Young Daniel Catenacci might be seeing a portent of his hockey future this Saturday.
Catenacci, as those of you who get the Sunday Star know, is the class of the "93s," in hockey argot. He is pegged to be the No. 1 pick in the OHL draft, which is the Kingston Frontenacs already have a death grip on. The smooth-skating centre's minor midget team, as it happens, has a game next weekend vs. Greater Kingston, which sports the same name, colours and crest as the city's de facto OHL team.
No doubt the Catenacci camp will do their homework about what awaits them in Kingston. It's even come to the point where this site's commenters are saying the local conspiracy theory is that the Frontenacs, under owner Doug Springer, are tanking so the municipality can't afford to keep paying for the K-Rock Centre and ends up having to sell it, likely for pennies on the dollar. (If that perception is out there, no wonder the actual turnout for Frontenacs games is so low.)
No doubt the Catenacci camp are great people, who will try not to tip their hand about their son's plans at any point before the draft. It's his future. They they have the right of first refusal when it comes to where Daniel will play hockey. The Hockey News reported several weeks ago -- when the Frontenacs finishing dead last did not seem like an inevitability -- that Catenacci was hoping to go the OHL route instead of the NCAA (one of his linemates with his midget team is already committed to play at the University of Maine).
It wasn't tied to Kingston story then, since there was still hope they would not be the worst team in the league. After all, Springer said the Frontenacs' goal was to finish in the top four of the OHL's Eastern Conference. There was, and is, no reason to doubt him -- after all, he didn't say which year -- outside of the fact the Frontenacs, with tonight's 5-2 loss in Oshawa, have won only 39% of their games since he and GM-for-life Larry Mavety came together to form the franchise's share-a-brain trust in a decade ago.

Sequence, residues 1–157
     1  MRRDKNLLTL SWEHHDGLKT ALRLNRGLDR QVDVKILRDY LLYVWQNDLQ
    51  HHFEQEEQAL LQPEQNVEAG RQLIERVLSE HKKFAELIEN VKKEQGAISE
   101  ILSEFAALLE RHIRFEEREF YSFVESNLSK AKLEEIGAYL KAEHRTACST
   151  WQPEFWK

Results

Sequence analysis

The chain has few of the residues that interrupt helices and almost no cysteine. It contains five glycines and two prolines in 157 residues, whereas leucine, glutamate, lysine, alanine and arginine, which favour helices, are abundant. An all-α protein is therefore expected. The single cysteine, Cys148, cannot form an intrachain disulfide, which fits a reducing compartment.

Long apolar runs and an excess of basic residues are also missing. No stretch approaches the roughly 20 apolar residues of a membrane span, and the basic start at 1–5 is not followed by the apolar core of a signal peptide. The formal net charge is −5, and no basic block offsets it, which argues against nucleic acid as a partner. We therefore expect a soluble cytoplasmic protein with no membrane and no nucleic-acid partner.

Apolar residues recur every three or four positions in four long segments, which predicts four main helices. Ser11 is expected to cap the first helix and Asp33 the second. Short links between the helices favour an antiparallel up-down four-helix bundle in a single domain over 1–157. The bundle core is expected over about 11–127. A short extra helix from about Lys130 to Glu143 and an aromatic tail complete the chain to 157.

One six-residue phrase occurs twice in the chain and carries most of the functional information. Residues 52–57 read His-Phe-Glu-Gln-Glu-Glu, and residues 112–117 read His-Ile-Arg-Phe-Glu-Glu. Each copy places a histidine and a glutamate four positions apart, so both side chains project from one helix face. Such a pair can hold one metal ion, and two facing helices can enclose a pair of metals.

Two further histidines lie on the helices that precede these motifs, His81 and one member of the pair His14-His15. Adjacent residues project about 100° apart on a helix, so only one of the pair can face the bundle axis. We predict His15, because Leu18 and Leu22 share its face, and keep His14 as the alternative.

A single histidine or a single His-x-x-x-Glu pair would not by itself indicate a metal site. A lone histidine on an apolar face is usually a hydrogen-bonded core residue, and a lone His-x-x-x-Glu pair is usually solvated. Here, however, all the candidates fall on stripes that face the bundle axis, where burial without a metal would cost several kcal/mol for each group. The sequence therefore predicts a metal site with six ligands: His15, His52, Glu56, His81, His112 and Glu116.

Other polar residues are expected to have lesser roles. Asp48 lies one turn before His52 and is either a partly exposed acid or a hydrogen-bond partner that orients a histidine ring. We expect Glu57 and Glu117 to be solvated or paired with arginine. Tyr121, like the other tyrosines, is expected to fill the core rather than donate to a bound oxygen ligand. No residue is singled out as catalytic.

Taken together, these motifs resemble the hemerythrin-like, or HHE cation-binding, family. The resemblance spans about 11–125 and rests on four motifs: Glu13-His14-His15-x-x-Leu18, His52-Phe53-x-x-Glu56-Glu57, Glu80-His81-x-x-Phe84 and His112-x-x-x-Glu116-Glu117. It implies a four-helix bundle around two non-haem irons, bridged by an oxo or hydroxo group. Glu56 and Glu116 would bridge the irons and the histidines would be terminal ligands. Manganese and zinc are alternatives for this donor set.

(The Frontenacs since Springer became owner, are 296-374-82 counting playoffs. That works out to a .448 winning percentage, yet there's never been, far as anyone can tell, any urgency to make any changes in the organization's hierarchy, namely the general mangler.)
There is a chance to have some fun with this, because in the words of David Letterman, "I just like causin' trouble." The cynics might already be scoffing that it will be a frosty Friday in July when a player who's supposed to be this good reports to such a ramshackle franchise, but the Frontenacs' saving grace is players such as Ethan Werek and Ottawa's own Erik Gudbranson (who earned a gold medal at the World Under-17s tonight, well done) who just need to be in the OHL to help their draft status and improve their bargaining power when they sign their first pro contract. Those kinds of players are too few and far between for one team to have 10 or 12 of them, even if they are the London Knights.
Anyway, the choice here is to call it the Daniel derby, although some rabblerousers were suggesting Crap for Catenacci, which is a bit rude to good boy from a good family. There will be plenty of time to talk about this, since the Frontenacs are 11 points clear of the next-worst team in the OHL. The marketing practically writes itself --he was born in '93! Give him Dougie Gilmour's old number!
Catenacci a powerhouse in 'sixth gear' (Lois Kalchman, Toronto Star)